“Children are forged in fire. It’s not a nice thing to say, but children are raised in some pretty dire situations across the world. And this is England. We have an education system, and with all the faults that are there, there are still positives that can be used.

“Even if you’re in an environment which may not be classed as upwardly mobile, it doesn’t mean that you have to become a product of your environment. You don’t have to. So I instil that in my daughter – aim high! I try to create the best environment that I can, and let my children know: it won’t always be like this.”

With Jada’s innocent optimism (“It doesn’t matter what class you come from; because there’s a ladder and you can climb it”), she is surely one of the lucky ones. The other teachers are battling a sense of hopelessness that, in the words of Mr Boyce, “runs in the family and runs in the area”.

Ms Ovens, assistant headteacher of Kian’s school, High Tunstall College of Science in Hartlepool, says: “Free-school-meals children know they’re free-school-meals children. There are certain things like confidence – they’ll know that they are free-school-meals. There’s been a lot of research that’s indicated: they always in life will feel that they never truly belong.”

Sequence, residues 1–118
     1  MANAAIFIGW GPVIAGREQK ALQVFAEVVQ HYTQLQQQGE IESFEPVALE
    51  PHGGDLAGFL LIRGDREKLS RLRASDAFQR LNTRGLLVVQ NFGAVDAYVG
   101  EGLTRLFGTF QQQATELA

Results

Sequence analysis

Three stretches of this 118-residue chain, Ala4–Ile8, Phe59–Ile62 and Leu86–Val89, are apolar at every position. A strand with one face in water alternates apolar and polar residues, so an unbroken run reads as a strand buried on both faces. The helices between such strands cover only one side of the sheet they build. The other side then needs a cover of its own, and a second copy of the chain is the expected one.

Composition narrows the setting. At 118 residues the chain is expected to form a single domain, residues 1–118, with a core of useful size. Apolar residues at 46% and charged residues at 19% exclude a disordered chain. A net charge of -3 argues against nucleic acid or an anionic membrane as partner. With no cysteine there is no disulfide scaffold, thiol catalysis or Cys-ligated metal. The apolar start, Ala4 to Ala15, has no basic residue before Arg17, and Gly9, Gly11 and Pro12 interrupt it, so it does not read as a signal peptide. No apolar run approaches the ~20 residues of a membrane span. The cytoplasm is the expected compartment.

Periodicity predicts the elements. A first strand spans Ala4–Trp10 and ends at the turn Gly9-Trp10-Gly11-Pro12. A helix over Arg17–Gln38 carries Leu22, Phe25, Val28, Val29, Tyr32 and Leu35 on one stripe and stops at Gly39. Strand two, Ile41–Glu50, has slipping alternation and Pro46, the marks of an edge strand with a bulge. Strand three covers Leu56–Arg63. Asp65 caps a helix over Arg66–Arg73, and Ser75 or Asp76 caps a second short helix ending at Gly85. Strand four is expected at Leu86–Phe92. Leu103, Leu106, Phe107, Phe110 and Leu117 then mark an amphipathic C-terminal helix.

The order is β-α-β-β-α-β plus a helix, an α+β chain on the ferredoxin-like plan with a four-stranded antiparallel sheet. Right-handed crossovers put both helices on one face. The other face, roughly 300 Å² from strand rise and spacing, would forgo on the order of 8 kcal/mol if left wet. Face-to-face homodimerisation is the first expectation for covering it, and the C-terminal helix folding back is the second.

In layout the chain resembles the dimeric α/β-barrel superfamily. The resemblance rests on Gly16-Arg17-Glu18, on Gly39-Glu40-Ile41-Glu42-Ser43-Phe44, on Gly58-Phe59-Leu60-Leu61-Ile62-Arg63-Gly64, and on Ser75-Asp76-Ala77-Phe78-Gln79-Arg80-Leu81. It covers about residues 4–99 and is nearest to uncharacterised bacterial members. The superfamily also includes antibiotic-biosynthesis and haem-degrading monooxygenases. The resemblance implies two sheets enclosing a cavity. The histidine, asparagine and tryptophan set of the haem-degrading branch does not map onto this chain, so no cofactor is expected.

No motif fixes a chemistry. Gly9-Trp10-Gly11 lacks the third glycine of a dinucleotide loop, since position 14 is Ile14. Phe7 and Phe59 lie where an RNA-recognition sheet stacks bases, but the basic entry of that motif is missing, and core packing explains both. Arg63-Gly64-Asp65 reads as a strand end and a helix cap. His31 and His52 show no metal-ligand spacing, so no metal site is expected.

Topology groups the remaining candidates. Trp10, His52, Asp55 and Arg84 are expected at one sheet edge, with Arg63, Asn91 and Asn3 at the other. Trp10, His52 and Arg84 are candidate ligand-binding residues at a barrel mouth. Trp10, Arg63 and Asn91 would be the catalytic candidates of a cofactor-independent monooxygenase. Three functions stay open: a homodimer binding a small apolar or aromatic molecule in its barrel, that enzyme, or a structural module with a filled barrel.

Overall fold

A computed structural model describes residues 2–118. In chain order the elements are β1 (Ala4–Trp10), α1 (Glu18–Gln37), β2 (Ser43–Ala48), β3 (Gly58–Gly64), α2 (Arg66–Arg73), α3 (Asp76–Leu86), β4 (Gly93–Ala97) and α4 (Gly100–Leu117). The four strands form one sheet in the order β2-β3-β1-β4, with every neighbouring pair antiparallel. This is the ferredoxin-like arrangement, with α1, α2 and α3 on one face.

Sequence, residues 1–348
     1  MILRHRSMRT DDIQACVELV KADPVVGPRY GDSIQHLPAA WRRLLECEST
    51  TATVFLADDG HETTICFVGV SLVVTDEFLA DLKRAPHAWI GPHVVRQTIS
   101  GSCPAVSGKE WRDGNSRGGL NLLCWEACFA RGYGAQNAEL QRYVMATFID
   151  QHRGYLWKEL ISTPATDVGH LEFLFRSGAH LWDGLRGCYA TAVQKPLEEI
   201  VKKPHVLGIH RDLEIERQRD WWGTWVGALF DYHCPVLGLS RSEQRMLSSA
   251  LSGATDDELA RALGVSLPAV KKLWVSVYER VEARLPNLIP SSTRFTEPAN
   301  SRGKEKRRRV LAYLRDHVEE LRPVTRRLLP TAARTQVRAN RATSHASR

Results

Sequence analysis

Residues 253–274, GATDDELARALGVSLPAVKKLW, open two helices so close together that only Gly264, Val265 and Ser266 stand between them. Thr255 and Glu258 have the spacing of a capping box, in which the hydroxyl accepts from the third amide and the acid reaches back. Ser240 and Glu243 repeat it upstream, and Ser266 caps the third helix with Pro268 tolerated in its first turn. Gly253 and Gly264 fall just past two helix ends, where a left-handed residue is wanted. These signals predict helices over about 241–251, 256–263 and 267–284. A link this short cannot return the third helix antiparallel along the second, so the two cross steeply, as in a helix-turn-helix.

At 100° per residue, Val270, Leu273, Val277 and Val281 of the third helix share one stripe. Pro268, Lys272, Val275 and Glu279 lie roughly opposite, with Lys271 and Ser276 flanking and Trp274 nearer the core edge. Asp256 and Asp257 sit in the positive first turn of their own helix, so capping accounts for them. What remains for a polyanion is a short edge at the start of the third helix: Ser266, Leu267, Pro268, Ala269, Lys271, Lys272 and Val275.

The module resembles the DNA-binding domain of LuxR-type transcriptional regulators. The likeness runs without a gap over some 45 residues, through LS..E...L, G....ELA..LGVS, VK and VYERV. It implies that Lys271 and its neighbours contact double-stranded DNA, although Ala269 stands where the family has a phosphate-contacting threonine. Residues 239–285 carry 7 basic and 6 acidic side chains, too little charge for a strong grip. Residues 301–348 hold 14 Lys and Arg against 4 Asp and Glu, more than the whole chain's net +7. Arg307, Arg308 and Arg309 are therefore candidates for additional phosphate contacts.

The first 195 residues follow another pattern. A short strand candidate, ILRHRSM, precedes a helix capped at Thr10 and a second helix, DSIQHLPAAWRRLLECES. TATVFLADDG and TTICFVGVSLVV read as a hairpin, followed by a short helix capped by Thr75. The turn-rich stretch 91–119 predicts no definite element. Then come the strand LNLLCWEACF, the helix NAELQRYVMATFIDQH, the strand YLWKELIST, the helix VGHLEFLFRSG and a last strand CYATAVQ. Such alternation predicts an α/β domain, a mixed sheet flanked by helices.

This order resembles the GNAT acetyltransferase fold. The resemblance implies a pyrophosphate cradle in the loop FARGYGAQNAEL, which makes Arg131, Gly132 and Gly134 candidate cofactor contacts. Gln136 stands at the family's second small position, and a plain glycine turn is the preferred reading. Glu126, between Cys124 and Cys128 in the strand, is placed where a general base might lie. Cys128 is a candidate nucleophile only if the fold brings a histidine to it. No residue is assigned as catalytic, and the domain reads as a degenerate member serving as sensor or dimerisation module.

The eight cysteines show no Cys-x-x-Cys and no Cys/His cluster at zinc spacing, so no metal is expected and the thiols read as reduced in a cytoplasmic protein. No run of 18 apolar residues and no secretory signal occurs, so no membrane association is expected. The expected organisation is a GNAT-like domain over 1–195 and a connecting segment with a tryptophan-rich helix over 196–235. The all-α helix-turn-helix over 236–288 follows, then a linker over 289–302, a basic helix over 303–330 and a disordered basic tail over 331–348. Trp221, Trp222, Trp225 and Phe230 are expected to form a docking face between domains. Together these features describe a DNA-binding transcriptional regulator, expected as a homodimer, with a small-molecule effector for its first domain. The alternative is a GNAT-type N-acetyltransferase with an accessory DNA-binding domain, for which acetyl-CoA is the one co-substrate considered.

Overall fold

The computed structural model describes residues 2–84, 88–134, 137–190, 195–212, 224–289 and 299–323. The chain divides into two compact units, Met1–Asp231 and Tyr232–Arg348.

The most heart-rending moment of this year’s films comes when would-be criminal psychologist Anne-Marie from Port Talbot in Wales returns home after an open day at Cardiff university. Her mother, Robyn, warns her the cost of a degree could be “anything over £500”. “You think it’s going to be £500 for university?” responds an incredulous Anne-Marie, who counters: “It’s going to be over, like, £1,000.”

They are both stunned into silence when a Google search reveals fees to be £9,250. “Per year!” adds a slackjawed Anne-Marie.

“Just in that one scene you can realise how difficult it is for kids like that to ever aspire to go on to higher education,” says Coulthard. “The money that they would have to borrow seems so stupendously large.” “I don’t think you need to be a genius or much of a social historian to see that social mobility is in decline,” he adds. “The country seems to be in the grip of a self-reinforcing spiral of ever-growing division,” cautions the Social Mobility Commission. This series must surely be compulsory viewing for anyone in charge of changing that.

  • ‘Generation Gifted’ is on BBC2 at 9pm on 14 and 15 February